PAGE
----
Tyneham Village and Worborrow Bay

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It’s been a few years since we’ve visited Tyneham's 'Lost Village' however the wonderful walk down to Worborrow Bay was a first for us and despite it being quite breezy at the coast the views were totally worth it.

Tyneham and Worborrow Bay Dec 2023 21

If you are in the car park with Tyneham Village to your right then you’ll need to head to the left where you’ll soon see a signpost for a picnic area and garden plus history barn and stables.  The history barn was closed when we visited however we did pop in the stables which dates back over 100 years and remains mostly untouched.  Nearby outside you will find toilets and a display of artillery shells with plaques about the history.  From here you can easily get onto the path which heads down to Worborrow Bay.  It only took us about 20 minutes but we weren’t rushing and the kids were having fun in the big puddles so I’m sure it could have been done much quicker.  The views are incredible when you reach the bay and myself and my daughter stayed by a picnic bench while the boys climbed the steps down onto the beach.  When they came back up we walked back to the village and I had just enough time to wander around before the sun said goodbye.


In November 1943 the inhabitants of Tyneham received notice that the land was required for military training and were only given 28 days to leave their homes.

It is said that the last person to leave posted a note on the village’s church door:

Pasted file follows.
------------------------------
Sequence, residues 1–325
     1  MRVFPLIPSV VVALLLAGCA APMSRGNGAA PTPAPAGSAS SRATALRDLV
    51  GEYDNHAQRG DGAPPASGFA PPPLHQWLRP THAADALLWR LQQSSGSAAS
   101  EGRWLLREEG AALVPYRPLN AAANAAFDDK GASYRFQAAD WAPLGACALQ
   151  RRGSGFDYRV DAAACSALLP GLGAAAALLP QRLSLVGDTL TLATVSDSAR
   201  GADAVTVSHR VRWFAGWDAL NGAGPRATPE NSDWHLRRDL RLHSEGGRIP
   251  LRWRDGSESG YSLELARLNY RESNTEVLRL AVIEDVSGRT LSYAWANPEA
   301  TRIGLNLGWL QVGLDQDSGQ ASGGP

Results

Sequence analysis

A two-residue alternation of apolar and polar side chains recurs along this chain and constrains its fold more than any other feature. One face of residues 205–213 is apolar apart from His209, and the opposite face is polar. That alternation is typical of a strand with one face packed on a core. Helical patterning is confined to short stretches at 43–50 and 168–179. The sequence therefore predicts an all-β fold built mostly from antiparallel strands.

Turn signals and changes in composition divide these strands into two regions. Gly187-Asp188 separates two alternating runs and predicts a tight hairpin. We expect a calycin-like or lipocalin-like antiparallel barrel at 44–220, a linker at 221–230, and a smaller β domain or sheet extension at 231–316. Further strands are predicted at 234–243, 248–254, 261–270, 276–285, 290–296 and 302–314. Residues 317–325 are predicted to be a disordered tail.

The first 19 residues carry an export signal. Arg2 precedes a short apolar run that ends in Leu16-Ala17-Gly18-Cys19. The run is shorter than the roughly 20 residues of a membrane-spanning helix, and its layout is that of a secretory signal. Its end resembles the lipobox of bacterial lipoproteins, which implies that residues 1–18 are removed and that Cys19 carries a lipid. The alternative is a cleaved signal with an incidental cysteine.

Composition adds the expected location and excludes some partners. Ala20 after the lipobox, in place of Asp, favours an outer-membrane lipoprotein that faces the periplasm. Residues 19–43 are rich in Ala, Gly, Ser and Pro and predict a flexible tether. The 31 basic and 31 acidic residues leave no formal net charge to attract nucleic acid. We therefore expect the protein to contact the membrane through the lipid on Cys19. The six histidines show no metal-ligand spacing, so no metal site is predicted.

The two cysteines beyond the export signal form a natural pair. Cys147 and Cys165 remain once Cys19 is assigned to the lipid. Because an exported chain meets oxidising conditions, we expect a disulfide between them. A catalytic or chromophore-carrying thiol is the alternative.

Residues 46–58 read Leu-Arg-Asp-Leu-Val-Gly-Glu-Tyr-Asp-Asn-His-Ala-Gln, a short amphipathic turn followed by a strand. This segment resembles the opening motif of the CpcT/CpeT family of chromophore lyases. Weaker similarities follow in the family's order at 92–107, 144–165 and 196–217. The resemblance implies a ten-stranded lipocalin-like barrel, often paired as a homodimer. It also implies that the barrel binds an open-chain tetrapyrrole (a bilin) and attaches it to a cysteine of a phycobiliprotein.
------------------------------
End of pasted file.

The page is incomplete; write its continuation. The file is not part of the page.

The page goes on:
“Please treat the church and houses with care; we have given up our homes, where many of us lived for generations, to help win the war to keep men free. We shall return one day and thank you for treating the village kindly”.

Sadly, the inhabitants were never able to return as the village was compulsorily purchased by the government in 1948 and has been deserted ever since.

As you wander around the village you will see what once was charming cottages and buildings, with old photos and information boards and stories from the inhabitants.  Although most of the buildings are now in ruins you will find some restoration has been completed by volunteers.  The farm has been restored and the village church remains in immaculate condition.


The village schoolhouse is a museum and gives you goosebumps when you see a child’s schoolwork in one of the desks.  It’s like the clocks were suddenly stopped and time has stood still ever since.  St Mary’s Church was one of the first buildings to be refurbished and is now also a museum which tells the story of Tyneham.


Good to know:

It’s always best to check Tyneham Village online before visiting to see opening days and times which is mostly weekends and main public holidays.  Tyneham Village gate permits vehicle access and opens at 9am when no military activity is taking place and is closed at dusk each evening.  The exhibitions in Tyneham School and Tyneham Church are open from 10am until 4pm on non-firing days however this may vary depening on the time of year.

In the car park you will see an honesty box with a suggested £4 parking charge so don’t forget your cash when you visit.

Tyneham Village 6

There’s so much to explore in the area including Flower’s Barrow Hillfort which is reached by foot from Tyneham or from the viewing point and car park at Whiteway Hill.

If you need more ideas on places to visit in Dorset then please take a look at some of our other blog posts below..........

Where to see Planes, Trains and Automobiles

Free or low cost things to do in Dorset

ByTheWay Park in Wimborne

Hamworthy Park in Poole

Tout Quarry Sculpture Park in Portland


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